New England Colonies
NEW ENGLAND COLONIES
NEW ENGLAND COLONIES. Settled by Europeans, primarily the English, in the seventeenth century, New England included the Plymouth Colony (1620, absorbed by Massachusetts Bay in 1691), the Massachusetts Bay Colony (1630), Connecticut (1636), New Haven (1640), Rhode Island (1636), and New Hampshire (separated from Massachusetts Bay in 1741). The New England Colonies are best known as the destination for Puritan religious reformers and their followers. Diverse European fishermen, however, had been tapping into the vast resources off Cape Cod since the late 1500s. Religious and economic motivations merged in each New England Colony.
Prompted by just those two motivations, in 1630 approximately one thousand people set sail from England under the auspices of the Puritan-controlled Massachusetts Bay Company. Led by John Winthrop, the Puritan founders of the Massachusetts Bay Colony sought to establish a religious utopia made up of Christians who operated in a strict covenant with God.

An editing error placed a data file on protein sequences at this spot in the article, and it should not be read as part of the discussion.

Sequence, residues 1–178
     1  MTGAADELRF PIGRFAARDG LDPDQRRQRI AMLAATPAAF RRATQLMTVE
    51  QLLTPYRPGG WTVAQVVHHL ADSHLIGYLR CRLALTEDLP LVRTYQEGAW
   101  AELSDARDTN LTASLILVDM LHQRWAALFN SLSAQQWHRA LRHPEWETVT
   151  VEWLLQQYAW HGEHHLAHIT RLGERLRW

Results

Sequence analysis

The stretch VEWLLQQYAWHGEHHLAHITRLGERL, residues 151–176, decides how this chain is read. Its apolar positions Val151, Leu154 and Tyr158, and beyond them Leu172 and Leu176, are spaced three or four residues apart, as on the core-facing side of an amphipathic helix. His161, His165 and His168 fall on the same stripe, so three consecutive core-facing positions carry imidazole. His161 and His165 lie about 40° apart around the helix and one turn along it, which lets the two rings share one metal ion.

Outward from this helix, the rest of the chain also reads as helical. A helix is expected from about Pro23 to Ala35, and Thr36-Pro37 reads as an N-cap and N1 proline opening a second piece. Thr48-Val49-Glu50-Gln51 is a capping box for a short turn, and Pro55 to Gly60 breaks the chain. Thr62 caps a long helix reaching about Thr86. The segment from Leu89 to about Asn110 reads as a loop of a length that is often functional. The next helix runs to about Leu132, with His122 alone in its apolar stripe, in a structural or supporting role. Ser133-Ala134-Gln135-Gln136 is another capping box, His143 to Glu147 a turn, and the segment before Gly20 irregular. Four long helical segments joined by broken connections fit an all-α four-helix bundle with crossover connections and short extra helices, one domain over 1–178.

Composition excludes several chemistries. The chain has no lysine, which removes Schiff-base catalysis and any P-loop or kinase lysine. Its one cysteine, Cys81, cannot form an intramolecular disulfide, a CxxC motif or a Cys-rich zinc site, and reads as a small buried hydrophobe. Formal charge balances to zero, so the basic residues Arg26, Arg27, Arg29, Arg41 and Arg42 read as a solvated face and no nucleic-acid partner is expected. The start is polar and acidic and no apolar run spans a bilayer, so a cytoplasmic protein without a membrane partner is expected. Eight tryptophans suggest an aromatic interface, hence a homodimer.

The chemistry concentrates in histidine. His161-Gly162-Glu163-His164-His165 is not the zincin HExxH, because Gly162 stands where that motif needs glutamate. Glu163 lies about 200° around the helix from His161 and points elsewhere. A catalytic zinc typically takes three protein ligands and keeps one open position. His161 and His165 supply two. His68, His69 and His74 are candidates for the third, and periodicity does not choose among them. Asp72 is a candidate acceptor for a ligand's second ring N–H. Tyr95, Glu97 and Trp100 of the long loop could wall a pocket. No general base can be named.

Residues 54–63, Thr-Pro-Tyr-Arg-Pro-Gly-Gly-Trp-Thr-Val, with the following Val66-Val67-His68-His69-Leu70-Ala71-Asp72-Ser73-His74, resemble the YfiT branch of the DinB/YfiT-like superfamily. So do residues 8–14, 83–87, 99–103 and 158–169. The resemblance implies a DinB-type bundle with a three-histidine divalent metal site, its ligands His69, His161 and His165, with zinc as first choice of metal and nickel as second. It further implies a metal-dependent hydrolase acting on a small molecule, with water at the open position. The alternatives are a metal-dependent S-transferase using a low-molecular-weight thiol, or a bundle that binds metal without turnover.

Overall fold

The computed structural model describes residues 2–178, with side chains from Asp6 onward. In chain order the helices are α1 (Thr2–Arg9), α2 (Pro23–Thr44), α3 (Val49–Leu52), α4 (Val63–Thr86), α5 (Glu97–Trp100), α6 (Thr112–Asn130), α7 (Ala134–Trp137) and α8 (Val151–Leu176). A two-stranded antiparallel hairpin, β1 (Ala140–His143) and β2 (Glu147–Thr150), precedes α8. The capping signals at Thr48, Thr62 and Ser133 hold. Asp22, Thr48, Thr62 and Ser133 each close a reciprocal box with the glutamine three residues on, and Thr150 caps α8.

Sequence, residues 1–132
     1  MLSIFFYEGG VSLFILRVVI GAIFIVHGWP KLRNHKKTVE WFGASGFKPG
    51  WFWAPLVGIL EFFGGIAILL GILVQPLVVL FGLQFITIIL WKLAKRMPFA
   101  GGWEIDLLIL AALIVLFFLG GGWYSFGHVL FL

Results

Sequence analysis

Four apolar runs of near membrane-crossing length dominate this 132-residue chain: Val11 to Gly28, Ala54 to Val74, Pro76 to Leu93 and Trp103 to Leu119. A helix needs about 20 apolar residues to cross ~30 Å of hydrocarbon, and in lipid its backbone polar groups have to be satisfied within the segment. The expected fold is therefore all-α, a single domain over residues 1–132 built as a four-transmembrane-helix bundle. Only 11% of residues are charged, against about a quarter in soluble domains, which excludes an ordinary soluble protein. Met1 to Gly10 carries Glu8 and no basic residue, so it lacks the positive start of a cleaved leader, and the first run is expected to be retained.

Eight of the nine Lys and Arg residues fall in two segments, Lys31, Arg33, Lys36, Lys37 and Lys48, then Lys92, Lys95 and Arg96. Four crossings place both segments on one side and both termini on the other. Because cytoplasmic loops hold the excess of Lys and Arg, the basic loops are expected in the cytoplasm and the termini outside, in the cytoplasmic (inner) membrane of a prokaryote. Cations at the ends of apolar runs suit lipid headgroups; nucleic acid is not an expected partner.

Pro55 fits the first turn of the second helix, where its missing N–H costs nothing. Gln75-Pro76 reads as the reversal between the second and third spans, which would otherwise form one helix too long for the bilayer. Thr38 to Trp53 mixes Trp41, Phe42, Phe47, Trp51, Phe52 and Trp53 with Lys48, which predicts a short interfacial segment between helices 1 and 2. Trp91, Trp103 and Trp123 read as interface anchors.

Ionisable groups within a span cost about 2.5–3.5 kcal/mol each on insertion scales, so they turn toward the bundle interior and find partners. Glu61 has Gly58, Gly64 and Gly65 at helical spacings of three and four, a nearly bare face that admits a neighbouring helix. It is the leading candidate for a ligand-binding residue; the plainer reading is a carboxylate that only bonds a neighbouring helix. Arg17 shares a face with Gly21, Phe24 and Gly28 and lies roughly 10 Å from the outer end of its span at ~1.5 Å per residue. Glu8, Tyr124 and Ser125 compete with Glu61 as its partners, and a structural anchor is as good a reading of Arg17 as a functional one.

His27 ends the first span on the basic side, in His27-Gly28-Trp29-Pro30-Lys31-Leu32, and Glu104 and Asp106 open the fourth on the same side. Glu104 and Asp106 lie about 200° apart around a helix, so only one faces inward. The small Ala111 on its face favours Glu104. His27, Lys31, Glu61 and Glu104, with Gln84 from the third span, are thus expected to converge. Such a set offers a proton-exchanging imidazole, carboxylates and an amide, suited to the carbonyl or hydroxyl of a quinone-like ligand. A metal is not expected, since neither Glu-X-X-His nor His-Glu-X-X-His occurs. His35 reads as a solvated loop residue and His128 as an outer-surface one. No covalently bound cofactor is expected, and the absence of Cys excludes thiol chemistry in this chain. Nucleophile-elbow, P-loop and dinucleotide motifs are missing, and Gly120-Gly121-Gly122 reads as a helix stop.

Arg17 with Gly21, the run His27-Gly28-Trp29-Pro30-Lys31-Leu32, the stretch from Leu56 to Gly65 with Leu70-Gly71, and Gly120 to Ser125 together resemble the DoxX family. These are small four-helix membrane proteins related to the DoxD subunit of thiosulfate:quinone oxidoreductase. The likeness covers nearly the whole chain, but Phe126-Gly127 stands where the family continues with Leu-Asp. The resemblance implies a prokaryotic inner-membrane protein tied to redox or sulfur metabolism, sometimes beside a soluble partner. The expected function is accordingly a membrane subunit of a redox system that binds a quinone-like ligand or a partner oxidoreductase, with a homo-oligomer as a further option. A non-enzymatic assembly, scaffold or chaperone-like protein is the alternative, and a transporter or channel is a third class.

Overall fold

Tensions in Massachusetts Bay—the product of disagreements over what would constitute a theocratic community and government, relationships with Native Americans, and the role of wealth, status, and land in the colony—resulted early on in a threat of deportation for Roger Williams, a Puritan minister from Salem who openly challenged both church and government policy. In 1635 Williams fled south with a small band of followers to establish Providence, the first settlement in Rhode Island.
In like manner, Puritans from Massachusetts Bay also migrated to Connecticut, settling in Hartford (under the leadership of Thomas Hooker), New Haven (under John Davenport), and in towns along the Connecticut River Valley.
Bremer, Francis J. The Puritan Experiment: New England Society from Bradford to Edwards. Rev. ed. Hanover, N.H.: University Press of New England, 1995. The original edition was published in 1976.